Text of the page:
Cape Town - All the tributes to Archbishop Emeritus Desmond Tutu, who died aged 90 on Sunday, have referenced his moral strength and moral courage.
Born in Klerksdorp, in what is now the North West province on October 7, 1931, to Zacahriah Tutu and Aletta Mathlare, Desmond Mpilo Tutu began his career as a school teacher in 1954.
He married Leah Shenxane in 1955 and taught at Munsieville High School for three years, before resigning in protest at the Bantu education system – “a corrupted educational system”.
Saying he could not be part of a system that promoted inequality, Tutu went off and trained to join the Anglican church as a priest, and was ordained in December 1961.
His biography on the Desmond and Leah Tutu Foundation said: “During his career Tutu made every effort to use his platform to challenge and champion the struggles of the victims of apartheid.”
Tutu was revered around the world as a moral giant driven by the principles of tolerance, justice, and equality for all, traits which saw him awarded the Nobel Peace Prize in 1984 for his role in the Struggle against apartheid becoming the second black South African to be listed under Nobel Laureates after Albert Luthuli.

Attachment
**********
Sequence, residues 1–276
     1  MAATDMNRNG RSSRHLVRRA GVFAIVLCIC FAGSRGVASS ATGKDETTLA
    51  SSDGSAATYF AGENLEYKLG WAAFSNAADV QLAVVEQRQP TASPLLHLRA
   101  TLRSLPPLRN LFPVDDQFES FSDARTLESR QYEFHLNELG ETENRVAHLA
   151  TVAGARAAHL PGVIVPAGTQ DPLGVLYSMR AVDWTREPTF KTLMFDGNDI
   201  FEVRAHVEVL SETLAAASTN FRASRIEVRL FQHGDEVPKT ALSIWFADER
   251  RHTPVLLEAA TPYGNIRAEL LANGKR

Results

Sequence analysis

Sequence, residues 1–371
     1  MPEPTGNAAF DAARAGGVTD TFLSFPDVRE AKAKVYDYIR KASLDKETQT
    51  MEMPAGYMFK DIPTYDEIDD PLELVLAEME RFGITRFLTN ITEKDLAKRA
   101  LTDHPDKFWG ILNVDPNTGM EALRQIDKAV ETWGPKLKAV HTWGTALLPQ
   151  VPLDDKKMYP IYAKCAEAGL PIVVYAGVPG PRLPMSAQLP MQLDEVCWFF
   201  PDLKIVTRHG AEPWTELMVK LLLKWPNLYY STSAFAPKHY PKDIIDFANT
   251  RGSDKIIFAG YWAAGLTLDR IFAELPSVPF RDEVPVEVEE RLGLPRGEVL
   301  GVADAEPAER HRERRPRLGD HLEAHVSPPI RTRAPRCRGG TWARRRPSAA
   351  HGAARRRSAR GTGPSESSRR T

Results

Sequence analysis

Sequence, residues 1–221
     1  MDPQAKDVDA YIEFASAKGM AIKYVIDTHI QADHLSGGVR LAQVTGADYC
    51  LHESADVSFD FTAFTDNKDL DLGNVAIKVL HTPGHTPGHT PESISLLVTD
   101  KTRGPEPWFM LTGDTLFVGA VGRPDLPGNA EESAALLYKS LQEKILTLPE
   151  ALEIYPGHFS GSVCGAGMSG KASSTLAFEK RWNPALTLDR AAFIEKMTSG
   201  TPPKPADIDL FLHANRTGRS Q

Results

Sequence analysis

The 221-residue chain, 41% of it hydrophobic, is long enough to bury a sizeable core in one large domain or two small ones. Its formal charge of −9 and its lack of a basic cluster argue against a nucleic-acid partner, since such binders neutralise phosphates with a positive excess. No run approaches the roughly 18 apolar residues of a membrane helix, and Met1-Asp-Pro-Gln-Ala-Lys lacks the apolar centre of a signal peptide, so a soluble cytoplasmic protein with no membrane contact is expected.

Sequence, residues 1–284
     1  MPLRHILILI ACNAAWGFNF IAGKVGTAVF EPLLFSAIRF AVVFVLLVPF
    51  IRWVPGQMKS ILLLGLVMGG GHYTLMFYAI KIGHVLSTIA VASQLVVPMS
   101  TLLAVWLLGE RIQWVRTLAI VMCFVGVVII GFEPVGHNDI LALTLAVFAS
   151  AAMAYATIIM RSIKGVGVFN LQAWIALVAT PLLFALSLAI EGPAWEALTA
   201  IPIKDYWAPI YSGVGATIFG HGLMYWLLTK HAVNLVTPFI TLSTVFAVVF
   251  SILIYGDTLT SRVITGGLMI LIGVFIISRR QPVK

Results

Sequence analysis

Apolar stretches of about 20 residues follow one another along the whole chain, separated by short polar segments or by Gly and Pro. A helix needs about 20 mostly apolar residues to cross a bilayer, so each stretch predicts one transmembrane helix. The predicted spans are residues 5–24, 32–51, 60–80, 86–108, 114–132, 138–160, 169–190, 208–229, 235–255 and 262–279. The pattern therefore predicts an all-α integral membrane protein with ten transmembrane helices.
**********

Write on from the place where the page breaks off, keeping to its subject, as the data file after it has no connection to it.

In 1986, the Anglican Church of the Province of Southern Africa appointed Tutu as the first black Anglican Bishop of Johannesburg, and later Bishop of Cape Town, becoming the first black person to lead the Anglican Church of the Province of Southern Africa. He was also the president of the All Africa Conference of Churches.
Tutu’s belief in reconciliation in the name of the “Rainbow Nation”, a term he coined, led to him being appointed chairperson of South Africa’s Truth and Reconciliation Commission (TRC), mandated to deal with apartheid-era crimes. In 1996 Tutu retired from the church to focus solely on the TRC. He would later be named Archbishop Emeritus for his contribution.
After he retired from the TRC in 1998 Tutu was often called upon to share his advice with those undertaking their own truth and reconciliation processes in post-conflict societies all over the world, from Northern Ireland to Kenya.
Kenyan human rights advocate Makau Mutua, who chaired the task force on the establishment of a Kenyan truth, justice and reconciliation commission, wrote a social media tribute post in which he called Archbishop Desmond Tutu, “the father of truth commissions”.
South Africa's Missing Persons Task Team head Madeleine Fullard posted on Twitter about Tutu’s time at the TRC and said: “One thing Archbishop Tutu understood was the complexity of the physical violence and the deaths that the TRC examined.
"He understood equally well the web of apartheid that violated every aspect of black life and implicated all whites in benefiting from its subjugations.”